Item #5000328 A Cruising Voyage round the World: First to the South-Sea, thence to the East-Indies, and homewards by the Cape of Good-Hope. Begun in 1708 and finish'd in 1711. Containing a Journal of all the remarkable transactions; particularity of the taking of Puna and Guiaquil, of the Acapulca Ship, and other Prizes: An account of Alexander Selkirk's living alone for Years and four Months in an island; and a brief description of several Countries in our Course noted for trade, especially in the South-Sea. With maps of all the Coast, from the best Spanish Manuscript Draughts. And an Introduction relating to the South-Sea Trade. Captain Woodes ROGERS.

A Cruising Voyage round the World…
A Cruising Voyage round the World: First to the South-Sea, thence to the East-Indies, and homewards by the Cape of Good-Hope. Begun in 1708 and finish'd in 1711. Containing a Journal of all the remarkable transactions; particularity of the taking of Puna and Guiaquil, of the Acapulca Ship, and other Prizes: An account of Alexander Selkirk's living alone for Years and four Months in an island; and a brief description of several Countries in our Course noted for trade, especially in the South-Sea. With maps of all the Coast, from the best Spanish Manuscript Draughts. And an Introduction relating to the South-Sea Trade.

London: Andrew Bell… and Bernard Lintot, 1718.

Octavo, with a folding world map as frontispiece and four others covering the Pacific coast from Mexico to Chile; contemporary panelled calf, rebacked.

Capturing the Manila galleon, and rescuing Robinson Crusoe

Second edition of this classic account of the privateering voyage planned by Rogers on the proposal of William Dampier, who served as pilot. The three-year expedition crossed the Pacific to Asia, captured several vessels including the Manila galleon at Puerto Seguro, and brought back the marooned Alexander Selkirk from Juan Fernández Island. It was this famous rescue, of course, that provided Rogers's friend Daniel Defoe with the plot for Robinson Crusoe. One of the more successful such voyages, Rogers returned as a national hero and almost everyone came home safely, though Rogers's own brother had been killed in a skirmish. It was reported that the original investors in the venture doubled their money, though the crew joined to sue Rogers claiming their fair share of the profits. Rogers was forced into bankruptcy.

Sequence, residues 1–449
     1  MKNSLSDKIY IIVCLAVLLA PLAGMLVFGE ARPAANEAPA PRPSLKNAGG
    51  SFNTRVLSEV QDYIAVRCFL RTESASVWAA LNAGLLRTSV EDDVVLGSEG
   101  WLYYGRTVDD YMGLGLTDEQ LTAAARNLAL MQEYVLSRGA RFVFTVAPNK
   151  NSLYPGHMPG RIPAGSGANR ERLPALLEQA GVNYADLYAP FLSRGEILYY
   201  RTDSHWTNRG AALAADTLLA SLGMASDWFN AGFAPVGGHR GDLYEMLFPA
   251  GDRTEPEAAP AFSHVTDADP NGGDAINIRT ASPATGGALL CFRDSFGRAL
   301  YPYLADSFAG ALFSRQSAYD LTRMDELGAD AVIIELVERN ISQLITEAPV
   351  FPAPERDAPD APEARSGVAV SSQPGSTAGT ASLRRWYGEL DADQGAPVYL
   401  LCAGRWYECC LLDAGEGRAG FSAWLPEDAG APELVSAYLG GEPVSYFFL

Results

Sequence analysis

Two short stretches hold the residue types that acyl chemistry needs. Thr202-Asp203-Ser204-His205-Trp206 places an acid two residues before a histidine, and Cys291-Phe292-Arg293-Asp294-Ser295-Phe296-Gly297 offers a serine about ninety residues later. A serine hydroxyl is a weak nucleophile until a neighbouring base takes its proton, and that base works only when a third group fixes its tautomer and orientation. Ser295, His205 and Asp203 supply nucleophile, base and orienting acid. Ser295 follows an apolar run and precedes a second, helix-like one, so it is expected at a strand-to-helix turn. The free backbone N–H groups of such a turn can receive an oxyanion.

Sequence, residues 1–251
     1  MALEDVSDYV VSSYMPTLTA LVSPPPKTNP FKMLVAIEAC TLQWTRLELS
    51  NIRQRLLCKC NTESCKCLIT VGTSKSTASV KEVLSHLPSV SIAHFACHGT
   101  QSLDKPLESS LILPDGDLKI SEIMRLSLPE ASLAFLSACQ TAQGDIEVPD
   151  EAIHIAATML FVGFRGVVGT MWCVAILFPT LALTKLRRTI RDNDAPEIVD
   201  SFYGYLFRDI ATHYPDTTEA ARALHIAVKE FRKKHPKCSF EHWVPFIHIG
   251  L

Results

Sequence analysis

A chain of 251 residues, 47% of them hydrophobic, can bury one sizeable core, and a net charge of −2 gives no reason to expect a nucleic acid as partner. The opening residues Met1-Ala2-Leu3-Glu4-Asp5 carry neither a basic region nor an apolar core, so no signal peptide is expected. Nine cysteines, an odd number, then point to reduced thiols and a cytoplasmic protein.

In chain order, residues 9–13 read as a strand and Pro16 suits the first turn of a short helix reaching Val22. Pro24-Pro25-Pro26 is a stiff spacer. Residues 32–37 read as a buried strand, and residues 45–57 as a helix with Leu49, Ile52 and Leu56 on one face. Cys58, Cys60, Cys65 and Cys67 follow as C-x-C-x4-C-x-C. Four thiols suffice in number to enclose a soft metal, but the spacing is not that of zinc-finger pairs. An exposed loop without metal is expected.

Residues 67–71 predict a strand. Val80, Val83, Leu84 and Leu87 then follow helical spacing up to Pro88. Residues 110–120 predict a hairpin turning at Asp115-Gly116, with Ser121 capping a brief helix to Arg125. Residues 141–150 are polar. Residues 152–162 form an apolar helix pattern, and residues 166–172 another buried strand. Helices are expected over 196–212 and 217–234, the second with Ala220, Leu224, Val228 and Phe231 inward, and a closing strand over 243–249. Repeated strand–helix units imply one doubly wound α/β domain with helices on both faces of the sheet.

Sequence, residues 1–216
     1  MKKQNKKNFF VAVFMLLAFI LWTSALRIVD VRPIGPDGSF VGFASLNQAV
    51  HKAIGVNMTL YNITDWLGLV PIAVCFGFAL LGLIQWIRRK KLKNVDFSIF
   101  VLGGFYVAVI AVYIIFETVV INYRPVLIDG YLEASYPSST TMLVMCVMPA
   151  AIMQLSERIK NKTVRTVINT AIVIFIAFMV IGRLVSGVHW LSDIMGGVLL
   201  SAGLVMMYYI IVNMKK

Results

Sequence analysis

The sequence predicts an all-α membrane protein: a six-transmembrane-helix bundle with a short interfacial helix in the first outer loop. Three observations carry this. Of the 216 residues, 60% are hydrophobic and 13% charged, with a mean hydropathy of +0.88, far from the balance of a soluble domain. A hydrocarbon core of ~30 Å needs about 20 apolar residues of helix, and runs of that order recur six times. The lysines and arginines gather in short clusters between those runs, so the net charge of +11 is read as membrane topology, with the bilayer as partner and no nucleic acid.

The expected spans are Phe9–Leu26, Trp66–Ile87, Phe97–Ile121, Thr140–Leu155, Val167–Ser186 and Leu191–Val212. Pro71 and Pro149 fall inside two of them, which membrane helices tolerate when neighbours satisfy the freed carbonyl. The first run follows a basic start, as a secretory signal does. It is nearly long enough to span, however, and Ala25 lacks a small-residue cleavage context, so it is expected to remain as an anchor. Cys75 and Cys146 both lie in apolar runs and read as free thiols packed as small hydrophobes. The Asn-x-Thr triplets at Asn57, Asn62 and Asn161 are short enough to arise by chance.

Second edition of this classic account of the privateering voyage planned by Rogers on the proposal of William Dampier, who served as pilot. The three-year expedition crossed the Pacific to Asia, captured several vessels including the Manila galleon at Puerto Seguro, and brought back the marooned Alexander Selkirk from Juan Fernández Island. It was this famous rescue, of course, that provided Rogers's friend Daniel Defoe with the plot for Robinson Crusoe. One of the more successful such voyages, Rogers returned as a national hero and almost everyone came home safely, though Rogers's own brother had been killed in a skirmish. It was reported that the original investors in the venture doubled their money, though the crew joined to sue Rogers claiming their fair share of the profits. Rogers was forced into bankruptcy.

The public was fascinated by the story and his description of the adventurous voyage sold well, going through four editions; it also appears in the 1729 collected edition of Dampier's voyages. The early editions are all scarce. This is the true second edition, though a later printing in 1726 falsely claimed to be the second. Pp. 279-312 contain an important early description of California.

Provenance: Frederick E. Ellis (American collector, with bookplate and ownership signature).

Borba de Moraes, p. 744; Cowan, p. 540; Hill, 1479-80 (different editions); NMM, Piracy & Privateering, 472; Sabin, 72754.

Condition Report: Old spine replacement wearing, but otherwise a very good copy.

Price (AUD): $5,500.00

US$3,545.68   Other currencies

Ref: #5000328

Condition Report